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Work Programme

Country of implementation
United Kingdom
General short description of the innovation
The Work Programme was introduced in June 2011 and is the Coalition Government?s main welfare-to-work programme. Unemployed people claiming Jobseeker?s Allowance (JSA) or Employment and Support Allowance (ESA) are referred on to the programme from their local Jobcentre Plus, and remain on the programme for up to two years. / / The scheme is run by private for profit and non-profit Prime providers (and several sub-contracted providers) who are given wide freedom to help unemployed participants find work (blackbox approach). Providers are paid by results: they receive a job outcome payment after a participant has spent a minimum length of time in employment (either 13 or 26 weeks), and sustainment payments for every 4 weeks the participant remains in employment thereafter. To avoid ?creaming? and ?parking? payments are weighted and categorised into nine payment groups providing higher payments for the hardest to help into work.
Target group
Total Population
Policy Field
  • employment
  • social
Type of Policy
  • public-private partnership
Duration of the policy
Since June 2011
Scope of innovation
  • Budgets: Up to September 2013, a total of 1,047 million had been paid to Work Programme providers
  • Number of intended beneficiaries: Between June 2011 and December 2013, 1.48 million people were referred to the Work Programme in Great Britain.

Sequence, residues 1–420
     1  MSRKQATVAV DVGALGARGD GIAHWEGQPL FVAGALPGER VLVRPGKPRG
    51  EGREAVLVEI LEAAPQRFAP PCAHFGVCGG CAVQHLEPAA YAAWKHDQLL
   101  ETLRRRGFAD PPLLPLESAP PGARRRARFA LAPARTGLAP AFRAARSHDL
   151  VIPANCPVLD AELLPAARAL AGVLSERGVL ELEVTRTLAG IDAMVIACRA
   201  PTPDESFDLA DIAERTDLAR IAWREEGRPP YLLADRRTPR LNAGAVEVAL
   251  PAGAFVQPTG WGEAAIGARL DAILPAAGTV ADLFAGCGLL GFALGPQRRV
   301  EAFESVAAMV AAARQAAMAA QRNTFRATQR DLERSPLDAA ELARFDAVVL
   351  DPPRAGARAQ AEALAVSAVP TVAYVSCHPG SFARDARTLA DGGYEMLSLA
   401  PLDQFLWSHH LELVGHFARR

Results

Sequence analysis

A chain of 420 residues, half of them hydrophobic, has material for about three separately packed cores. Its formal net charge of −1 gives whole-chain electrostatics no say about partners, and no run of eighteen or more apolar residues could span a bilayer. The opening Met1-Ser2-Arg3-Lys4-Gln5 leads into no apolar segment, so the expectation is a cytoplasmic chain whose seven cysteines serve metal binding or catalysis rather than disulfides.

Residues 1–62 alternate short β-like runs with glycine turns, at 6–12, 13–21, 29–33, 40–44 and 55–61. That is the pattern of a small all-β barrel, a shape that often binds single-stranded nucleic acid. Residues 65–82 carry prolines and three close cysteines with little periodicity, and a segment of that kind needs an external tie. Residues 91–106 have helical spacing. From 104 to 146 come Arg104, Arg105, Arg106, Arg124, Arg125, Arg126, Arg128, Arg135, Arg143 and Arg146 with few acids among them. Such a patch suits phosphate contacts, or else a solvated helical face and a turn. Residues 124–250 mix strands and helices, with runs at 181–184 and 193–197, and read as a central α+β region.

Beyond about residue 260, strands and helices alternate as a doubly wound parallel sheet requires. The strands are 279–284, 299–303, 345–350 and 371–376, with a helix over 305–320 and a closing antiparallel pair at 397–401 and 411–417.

• Spatial coverage: Great Britain (England, Wales and Scotland)
General description of (intended) objectives and strategies
Single activating welfare-to-work programme for claimants of Jobseeker Allowance as well as Employment and Support Allowance with contracted Prime Providers and weighted payments by results. Streamline the welfare-to-work system; make it easier for claimants to cycle between being in work and out of work with individual support by the employment service providers and the provisions in the future Universal Credit. /
Type of ideal-typical strategy for the innovation
  • liberalisation
Type of innovation
  • new policy, practice or measure
New outputs
  • benefit eligibility
  • services
Clarification of intended mechanisms, outputs and outcomes (optional)
The programme is mandatory for most of the nine eligible claimant groups and provides different times of referral (e.g. 18-24 year olds after nine months of unemployment, 25 and over after 12 months of unemployment) with some people being able to join the Work Programme earlier (e.g. care leavers, homeless). In the first two years of the Work Programme, providers in each contract package area received an equal share of referrals to each customer group. From the third year of contracts, DWP has started giving more new referrals to higher performing providers. This market share shift occurs where there is a difference in provider performance.
Intended target group
Unemployed JSA and ESA claimants
Working age population
  • employment situation (unemployed)
  • main source of income: social protection (social assistance as well as disability benefits)
Actors involved in policy-making/implementation and/or evaluation
  • agency or national social insurance body
  • central state
  • private for-profit organisations (commercial)
  • private not-for-profit organisations (e.g. Third Sector organisation or NGO)